R-CALF USA - January 19, 2022

Billings, Mont. – In written testimony submitted for today’s hearing held by the U.S. House of Representatives Committee on the Judiciary Subcommittee on Antitrust, Commercial, and Administrative Law: “Reviving Competition, Part 5: Addressing the Effects of Economic Concentration on America’s Food Supply,” R-CALF USA CEO Bill Bullard asked Congress to implement a stopgap measure to preserve what is left of the U.S. cattle industry.

Bullard explained the U.S. cattle industry is fast losing its critical competitive infrastructure – its participants, its feedlots, and its cow herd, which have all been reduced during the past few decades. He stated his group’s concern that Congress has not yet signaled its intent to make needed structural reforms to a market that has persistently returned noncompetitive prices to producers, prices that did not return the cost of production to U.S. cattle producers.

The “U.S. cattle industry suffers from systemic market failure, which though chronic for decades, has worsened considerably during the past seven years. And, yet, Congress has not enacted, and does not appear inclined to immediately enact, any meaningful structural reforms,” Bullard wrote.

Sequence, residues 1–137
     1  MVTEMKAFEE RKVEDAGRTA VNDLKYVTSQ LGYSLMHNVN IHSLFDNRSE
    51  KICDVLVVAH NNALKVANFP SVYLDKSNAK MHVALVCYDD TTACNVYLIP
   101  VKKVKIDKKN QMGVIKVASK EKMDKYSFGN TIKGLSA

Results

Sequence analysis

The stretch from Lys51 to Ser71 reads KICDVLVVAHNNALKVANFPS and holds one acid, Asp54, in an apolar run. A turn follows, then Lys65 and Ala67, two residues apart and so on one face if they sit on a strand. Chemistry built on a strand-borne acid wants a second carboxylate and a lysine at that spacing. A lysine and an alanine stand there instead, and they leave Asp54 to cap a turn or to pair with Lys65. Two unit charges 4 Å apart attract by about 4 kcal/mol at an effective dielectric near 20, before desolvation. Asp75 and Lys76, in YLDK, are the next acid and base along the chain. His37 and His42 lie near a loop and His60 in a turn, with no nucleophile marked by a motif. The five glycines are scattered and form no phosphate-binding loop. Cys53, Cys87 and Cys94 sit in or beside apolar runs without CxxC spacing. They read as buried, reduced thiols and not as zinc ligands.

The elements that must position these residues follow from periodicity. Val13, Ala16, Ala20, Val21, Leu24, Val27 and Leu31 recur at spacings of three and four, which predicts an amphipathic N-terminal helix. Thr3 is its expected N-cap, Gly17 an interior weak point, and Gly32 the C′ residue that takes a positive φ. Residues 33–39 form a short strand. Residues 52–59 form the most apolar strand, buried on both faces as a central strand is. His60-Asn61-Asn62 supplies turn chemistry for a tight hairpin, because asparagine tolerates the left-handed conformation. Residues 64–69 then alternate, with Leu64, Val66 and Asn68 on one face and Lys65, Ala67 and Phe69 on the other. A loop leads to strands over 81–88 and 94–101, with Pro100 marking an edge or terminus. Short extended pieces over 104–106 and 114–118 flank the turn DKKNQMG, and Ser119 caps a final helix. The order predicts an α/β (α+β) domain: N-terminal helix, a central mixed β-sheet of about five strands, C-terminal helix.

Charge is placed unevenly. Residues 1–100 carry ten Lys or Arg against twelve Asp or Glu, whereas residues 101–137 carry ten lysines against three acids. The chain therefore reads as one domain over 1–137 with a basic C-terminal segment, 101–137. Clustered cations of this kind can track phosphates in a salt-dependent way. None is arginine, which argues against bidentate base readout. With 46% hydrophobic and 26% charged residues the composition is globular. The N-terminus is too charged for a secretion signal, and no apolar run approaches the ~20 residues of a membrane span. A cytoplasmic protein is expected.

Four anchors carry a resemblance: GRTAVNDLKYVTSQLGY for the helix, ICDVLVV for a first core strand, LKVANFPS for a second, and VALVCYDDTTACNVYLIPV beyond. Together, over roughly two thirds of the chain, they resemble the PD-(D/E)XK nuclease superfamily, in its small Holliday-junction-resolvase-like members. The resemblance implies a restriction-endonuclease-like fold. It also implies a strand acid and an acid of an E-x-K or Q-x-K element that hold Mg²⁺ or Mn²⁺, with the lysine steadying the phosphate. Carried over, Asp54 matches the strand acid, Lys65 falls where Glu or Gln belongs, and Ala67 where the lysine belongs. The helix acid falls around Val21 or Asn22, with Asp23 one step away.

The testimony explained that since 2015, beef packers had used their enhanced market power to purchase cattle at an average price of only 55% of the average weekly wholesale beef price and this has caused horrendous losses to both cattle feeders and cow/calf producers.

He wrote that if the marketplace in 2021 had required packers to pay the same percentage of the average wholesale price for cattle that the marketplace provided from 2007 through 2014, then the price of fed cattle in 2021 would have been $173 per cwt rather than the $123 per cwt that producers had actually received, which would have put an additional $650 per head into the pockets of producers for each head of fat cattle they sold.

By way of example, this was the form of an emergency stopgap measure that R-CALF USA asked Congress to consider pending enactment of meaningful market structure reforms that would reinstate competitive market forces in the U.S. cattle market.

“Tying cattle prices to a wholesale beef value index will not restore the competitive market forces that has been purged from the market due to severe structural deficiencies, but it would temporarily prevent the ongoing loss of equity that America’s cattle farmers and ranchers are experiencing each day the market remains dysfunctional. It would also temporarily remove the beef packers’ incentive to lower the price of cattle in the industry’s price discovery market – its negotiated cash market. Congress’ prolonged inaction in enacting meaningful structural reforms now necessitates an emergency stopgap measure such as this if America’s food security interest is to be preserved,” the testimony states.​